That may not always be a pleasant experience, but for me it was. Every artistic goal—the scope and large-scale architecture of the piece—that I have had in performing the piece was present in Angelina’s playing, yet clearly this was not an exact aural image of my own playing. It’s like if you had two canvases of the same pointillistic painting by Georges Seurat side-by-side; standing back ten feet, the images look exactly the same; when you stand just 5 feet away, you notice an incredible amount of variety as you see the construction of the dots more closely; 1 foot away, the paintings look the same again because you’ve zoomed so far in, it’s hard to compare individual differences.
Examining the score from a distance, her interpretation and mine were relatively close to one another. Examining the score under a microscope, we played the same notes and rhythms. But our own voices came out upon that middle examination. More than one hears contrasts between artists in the standard repertory, not having any outside influences brought about a variety of musical decisions. The colors evoked by voicings in individual chords. The balance with a texture. The pacing of dynamics. The sweep of rubato.
All this is not to say that I don’t hear variety between artists in standard repertoire. I do, and I love the artistry great pianists bring to old music again and again. But I know that without the persuasion of recordings, I am going to inevitably bring a different voice to music than I would with them. In my next post, I’m going to tell you about a study I’ve always wanted to do, where I think I could prove this point.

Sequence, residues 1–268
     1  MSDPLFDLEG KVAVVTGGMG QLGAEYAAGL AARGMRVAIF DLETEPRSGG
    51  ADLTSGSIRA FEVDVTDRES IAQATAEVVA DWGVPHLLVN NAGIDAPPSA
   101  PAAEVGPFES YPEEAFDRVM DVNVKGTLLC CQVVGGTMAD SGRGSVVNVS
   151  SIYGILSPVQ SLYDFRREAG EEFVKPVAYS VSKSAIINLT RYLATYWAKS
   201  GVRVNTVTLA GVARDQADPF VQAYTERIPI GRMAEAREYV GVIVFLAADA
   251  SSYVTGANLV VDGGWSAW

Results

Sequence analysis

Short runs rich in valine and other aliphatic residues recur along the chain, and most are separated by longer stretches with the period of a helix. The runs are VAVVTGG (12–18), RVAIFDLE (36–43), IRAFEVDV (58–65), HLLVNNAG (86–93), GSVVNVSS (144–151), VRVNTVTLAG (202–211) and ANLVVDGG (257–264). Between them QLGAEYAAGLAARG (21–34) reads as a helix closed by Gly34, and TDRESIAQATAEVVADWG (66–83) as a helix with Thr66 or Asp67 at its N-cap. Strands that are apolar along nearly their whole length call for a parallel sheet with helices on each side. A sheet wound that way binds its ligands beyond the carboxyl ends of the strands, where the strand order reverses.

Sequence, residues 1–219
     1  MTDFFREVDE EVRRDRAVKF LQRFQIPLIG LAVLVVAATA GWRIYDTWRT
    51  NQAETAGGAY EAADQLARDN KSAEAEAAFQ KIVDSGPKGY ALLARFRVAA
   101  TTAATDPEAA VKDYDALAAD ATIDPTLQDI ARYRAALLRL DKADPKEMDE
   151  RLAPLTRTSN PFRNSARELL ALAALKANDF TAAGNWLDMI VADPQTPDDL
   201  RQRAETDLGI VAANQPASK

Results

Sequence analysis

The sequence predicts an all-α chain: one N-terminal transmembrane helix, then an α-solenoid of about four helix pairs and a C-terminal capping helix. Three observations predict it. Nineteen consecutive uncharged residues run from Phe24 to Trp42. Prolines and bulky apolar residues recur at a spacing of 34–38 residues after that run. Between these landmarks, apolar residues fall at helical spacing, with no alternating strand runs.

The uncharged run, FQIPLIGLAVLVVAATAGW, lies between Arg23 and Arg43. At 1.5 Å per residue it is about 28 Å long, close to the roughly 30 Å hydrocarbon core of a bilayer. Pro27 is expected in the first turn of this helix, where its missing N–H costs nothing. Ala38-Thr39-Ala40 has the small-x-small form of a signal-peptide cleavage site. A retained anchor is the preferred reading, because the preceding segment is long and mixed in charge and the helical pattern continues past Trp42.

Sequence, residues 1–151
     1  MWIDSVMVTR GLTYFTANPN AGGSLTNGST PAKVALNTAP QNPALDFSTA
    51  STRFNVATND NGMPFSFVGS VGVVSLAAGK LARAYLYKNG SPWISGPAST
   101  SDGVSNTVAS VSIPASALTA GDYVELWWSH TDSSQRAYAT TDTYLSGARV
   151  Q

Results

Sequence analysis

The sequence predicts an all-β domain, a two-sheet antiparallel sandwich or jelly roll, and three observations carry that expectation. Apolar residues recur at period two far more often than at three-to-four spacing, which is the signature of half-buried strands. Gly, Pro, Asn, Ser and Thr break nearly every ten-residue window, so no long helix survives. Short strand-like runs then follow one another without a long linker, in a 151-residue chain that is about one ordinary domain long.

himself probably heard these same bells. I like to at least think they were the exact same bells, but certainly he heard some very similar. And quite possibly they were rung the exact same way in his day as that day I heard them: by a rope pulled by a church employee.
Given how much the world has changed in the 200+ years since Mozart lived there, it was quite a wondrous realization that such a sound could connect myself to such a famous figure.
That moment, and that thought, have inspired me since, especially as I explore traditional repertoire again. This music, truly ‘classical’ music connects figures through time in the same way these bells did. In performing the music of Mozart, I have a direct connection to the artistic passions of a man who lived hundreds of years before, who history has decided to remember. But I’m also connected to people who have played this music since. Great artists who have turned simple notes on a page into beautiful, magical art in sound. The excitement one feels sharing a passion with a friend is amplified when you get to share it with a host of people through time.